The title of Ava DuVernay's extraordinary and galvanizing documentary refers to the 13th Amendment to the Constitution, which reads 'Neither slavery nor involuntary servitude, except as a punishment for crime whereof the party shall have been duly convicted, shall exist within the United States.' The progression from that second qualifying clause to the horrors of mass criminalization and the sprawling American prison industry is laid out by DuVernay with bracing lucidity. With a potent mixture of archival footage and testimony from a dazzling array of activists, politicians, historians, and formerly incarcerated women and men, DuVernay creates a work of grand historical synthesis.
Acclaimed actor and FDNY veteran Steve Buscemi looks at what it's like to work as a New York City firefighter. Utilizing exclusive behind-the-scenes footage and firsthand accounts from past and present firefighters, this special explores life in one of the world's most demanding fire departments while illuminating the lives of the often 'strong and silent' heroes who risk their lives to protect residents and serve the city". Discover the story of Golway, an assistant history professor who is the son, son-in-law and godson of New York City firefighters, was expected to follow in the family business, but, he says, “I’m not brave enough.” The only non-firefighter interviewed in the documentary talks about the difficulties women and African-Americans faced in the department, and recounts the story of a 1966 blaze that killed 12 firefighters, until 9/11 the worst loss of life for the NYFD.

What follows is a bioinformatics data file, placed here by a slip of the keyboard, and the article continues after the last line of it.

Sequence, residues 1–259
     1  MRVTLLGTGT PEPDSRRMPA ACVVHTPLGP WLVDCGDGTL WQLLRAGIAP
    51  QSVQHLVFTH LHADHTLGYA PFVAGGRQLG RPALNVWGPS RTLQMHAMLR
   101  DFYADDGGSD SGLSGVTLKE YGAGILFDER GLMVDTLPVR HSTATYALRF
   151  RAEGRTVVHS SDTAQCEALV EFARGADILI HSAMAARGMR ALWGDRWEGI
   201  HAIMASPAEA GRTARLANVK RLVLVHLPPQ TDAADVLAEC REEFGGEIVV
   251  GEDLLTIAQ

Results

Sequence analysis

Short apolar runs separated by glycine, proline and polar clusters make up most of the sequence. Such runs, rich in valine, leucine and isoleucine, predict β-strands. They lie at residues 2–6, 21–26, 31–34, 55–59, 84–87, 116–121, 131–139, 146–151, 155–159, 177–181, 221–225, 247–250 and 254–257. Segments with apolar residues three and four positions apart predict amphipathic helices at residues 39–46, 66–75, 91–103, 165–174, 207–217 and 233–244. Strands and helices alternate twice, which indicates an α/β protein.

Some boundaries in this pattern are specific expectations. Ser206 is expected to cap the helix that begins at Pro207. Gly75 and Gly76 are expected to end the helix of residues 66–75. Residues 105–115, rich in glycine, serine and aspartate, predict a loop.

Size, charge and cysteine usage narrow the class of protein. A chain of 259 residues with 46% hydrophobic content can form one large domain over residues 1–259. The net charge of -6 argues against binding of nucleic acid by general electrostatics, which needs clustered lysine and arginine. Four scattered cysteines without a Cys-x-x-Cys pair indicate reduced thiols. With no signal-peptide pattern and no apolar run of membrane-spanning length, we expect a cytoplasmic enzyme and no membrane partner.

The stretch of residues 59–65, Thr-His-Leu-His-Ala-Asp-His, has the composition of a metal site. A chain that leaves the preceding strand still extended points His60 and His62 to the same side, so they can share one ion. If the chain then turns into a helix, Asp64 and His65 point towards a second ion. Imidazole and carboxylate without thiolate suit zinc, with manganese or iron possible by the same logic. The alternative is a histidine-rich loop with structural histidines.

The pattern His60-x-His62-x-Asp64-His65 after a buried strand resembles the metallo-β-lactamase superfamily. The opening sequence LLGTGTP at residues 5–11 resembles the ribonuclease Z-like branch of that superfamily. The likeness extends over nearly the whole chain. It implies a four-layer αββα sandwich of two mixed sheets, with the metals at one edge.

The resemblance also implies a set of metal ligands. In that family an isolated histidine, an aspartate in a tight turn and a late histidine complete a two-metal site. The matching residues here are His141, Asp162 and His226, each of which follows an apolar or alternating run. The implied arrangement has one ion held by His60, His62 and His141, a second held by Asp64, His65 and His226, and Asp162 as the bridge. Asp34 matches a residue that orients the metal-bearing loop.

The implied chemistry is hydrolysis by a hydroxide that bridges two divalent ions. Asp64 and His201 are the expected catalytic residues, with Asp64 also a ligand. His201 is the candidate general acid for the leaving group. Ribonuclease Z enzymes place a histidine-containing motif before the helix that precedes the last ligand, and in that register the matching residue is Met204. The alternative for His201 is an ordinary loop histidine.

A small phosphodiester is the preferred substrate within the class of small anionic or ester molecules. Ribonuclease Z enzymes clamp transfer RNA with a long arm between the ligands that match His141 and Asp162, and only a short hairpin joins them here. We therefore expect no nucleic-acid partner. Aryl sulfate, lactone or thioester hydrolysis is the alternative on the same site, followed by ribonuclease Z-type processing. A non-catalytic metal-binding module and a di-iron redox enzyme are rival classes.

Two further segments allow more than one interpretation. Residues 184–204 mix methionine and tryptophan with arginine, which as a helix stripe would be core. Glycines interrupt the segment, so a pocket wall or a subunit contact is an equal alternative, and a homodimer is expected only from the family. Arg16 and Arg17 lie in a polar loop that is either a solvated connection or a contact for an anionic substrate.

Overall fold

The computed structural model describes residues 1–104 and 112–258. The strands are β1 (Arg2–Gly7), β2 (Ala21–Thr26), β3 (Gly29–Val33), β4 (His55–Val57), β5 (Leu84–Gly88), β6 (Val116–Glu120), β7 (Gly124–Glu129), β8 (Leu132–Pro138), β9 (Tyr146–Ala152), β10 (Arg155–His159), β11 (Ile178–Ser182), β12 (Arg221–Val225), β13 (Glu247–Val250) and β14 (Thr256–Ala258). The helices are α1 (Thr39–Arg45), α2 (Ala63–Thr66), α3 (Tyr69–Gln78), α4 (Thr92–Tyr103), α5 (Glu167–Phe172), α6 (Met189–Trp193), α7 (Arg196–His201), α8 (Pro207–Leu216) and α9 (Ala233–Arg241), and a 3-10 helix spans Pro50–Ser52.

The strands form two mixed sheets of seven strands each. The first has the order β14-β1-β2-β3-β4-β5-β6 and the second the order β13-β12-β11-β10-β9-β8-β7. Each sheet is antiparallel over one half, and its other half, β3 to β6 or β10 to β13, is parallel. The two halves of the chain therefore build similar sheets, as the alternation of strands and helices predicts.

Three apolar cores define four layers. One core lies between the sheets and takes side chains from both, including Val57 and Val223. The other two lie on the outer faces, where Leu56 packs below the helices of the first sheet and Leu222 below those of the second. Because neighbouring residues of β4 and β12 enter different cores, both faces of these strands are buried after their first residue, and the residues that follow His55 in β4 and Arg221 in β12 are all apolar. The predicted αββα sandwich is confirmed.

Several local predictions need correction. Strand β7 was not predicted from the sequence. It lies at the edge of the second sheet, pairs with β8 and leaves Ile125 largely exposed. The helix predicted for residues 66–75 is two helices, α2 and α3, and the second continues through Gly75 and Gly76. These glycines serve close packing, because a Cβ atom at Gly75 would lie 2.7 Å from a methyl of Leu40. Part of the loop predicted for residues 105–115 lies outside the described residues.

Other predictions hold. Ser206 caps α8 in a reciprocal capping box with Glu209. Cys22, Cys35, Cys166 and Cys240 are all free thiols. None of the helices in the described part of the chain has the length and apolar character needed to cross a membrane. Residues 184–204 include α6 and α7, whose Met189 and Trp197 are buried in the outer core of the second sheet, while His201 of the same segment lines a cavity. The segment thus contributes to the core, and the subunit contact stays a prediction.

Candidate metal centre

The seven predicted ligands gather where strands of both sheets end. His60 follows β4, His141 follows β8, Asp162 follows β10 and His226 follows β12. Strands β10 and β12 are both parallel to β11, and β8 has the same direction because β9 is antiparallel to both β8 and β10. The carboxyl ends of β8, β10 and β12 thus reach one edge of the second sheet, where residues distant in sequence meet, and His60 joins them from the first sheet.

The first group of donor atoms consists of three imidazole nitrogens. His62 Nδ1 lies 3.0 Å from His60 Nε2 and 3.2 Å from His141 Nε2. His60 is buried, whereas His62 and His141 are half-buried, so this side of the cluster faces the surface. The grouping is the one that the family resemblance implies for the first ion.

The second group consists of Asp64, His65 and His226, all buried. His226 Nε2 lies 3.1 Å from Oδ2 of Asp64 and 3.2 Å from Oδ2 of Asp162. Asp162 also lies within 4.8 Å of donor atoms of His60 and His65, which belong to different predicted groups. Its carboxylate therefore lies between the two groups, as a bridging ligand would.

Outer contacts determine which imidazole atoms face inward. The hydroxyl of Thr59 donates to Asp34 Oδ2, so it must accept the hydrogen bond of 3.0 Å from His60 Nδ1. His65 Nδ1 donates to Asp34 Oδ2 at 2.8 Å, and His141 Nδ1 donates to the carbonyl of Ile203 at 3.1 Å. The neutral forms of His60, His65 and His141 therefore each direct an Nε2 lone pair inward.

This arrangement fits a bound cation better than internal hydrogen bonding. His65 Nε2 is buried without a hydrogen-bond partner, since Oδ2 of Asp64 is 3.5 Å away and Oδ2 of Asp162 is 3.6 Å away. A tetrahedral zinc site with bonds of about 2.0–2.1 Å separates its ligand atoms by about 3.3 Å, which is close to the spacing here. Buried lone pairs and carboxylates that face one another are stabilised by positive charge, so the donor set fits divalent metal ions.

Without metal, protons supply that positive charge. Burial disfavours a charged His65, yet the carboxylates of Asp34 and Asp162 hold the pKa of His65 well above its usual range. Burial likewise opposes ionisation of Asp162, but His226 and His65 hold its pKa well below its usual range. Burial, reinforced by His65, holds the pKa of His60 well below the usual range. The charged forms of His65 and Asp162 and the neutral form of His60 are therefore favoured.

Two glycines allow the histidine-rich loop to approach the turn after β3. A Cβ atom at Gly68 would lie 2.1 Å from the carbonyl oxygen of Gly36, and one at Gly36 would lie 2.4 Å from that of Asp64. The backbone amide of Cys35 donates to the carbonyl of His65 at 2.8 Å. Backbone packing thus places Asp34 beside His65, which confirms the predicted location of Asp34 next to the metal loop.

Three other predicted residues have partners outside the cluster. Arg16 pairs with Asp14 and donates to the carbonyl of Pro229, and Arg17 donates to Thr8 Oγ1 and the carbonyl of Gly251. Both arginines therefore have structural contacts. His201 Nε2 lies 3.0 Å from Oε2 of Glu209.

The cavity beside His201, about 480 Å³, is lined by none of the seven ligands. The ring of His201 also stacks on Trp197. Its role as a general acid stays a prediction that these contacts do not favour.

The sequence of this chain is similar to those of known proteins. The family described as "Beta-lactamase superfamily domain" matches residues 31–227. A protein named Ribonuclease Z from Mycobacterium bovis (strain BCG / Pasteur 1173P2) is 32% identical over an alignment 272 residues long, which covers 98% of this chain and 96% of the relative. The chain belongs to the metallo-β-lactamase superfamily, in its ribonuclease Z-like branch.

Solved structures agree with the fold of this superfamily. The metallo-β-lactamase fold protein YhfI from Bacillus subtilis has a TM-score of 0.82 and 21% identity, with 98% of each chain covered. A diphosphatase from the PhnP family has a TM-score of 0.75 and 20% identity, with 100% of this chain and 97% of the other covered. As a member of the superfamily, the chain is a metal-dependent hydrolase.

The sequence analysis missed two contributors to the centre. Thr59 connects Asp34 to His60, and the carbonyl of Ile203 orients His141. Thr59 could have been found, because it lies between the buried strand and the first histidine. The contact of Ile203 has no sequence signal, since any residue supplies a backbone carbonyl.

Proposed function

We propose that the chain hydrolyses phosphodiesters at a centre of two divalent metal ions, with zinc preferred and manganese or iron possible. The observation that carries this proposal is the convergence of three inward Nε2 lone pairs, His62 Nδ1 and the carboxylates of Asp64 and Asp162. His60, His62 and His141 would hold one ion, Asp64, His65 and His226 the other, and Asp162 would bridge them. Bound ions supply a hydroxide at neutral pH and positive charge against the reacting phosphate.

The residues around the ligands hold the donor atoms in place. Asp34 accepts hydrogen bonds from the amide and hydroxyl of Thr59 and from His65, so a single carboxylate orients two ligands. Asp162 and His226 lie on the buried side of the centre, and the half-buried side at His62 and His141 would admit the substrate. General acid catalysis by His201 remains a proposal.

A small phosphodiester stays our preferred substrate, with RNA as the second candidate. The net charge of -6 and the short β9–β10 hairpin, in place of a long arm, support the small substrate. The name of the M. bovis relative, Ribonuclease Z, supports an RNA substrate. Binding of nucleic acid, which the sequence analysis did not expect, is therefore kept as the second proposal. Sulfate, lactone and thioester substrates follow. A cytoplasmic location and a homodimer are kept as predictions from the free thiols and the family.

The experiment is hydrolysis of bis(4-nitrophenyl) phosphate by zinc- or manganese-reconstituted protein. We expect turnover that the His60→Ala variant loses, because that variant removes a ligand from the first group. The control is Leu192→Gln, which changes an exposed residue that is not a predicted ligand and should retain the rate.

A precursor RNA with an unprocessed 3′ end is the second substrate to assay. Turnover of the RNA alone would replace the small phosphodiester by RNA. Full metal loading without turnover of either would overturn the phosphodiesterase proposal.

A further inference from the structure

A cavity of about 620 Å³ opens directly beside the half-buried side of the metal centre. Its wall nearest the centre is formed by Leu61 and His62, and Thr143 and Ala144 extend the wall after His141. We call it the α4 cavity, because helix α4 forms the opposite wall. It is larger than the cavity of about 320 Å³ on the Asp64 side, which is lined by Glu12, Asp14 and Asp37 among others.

American exchange student Amanda Knox is convicted and eventually acquitted for the 2007 death of another student in Italy. Was she a cold-blooded psychopath who brutally murdered her roommate or a naive student abroad trapped in an endless nightmare? Directors Rod Blackhurst (Tribeca Audience Award-winner Here Alone) and Brian McGinn (IDA Award-winner Chef's Table) and producer Mette Heide (Peabody Award-winner India's Daughter) explore the notorious case that made headlines around the world.
Someone once observed: 'America is great because she is good; if she ever ceases to be good she will cease to be great.' Today that notion of the essential goodness of America is under attack, replaced by another story in which theft and plunder are seen as the defining features of American history-from the theft of Native American and Mexican lands and the exploitation of African labor to a contemporary foreign policy said to be based on stealing oil and a capitalist system that robs people of their "fair share"
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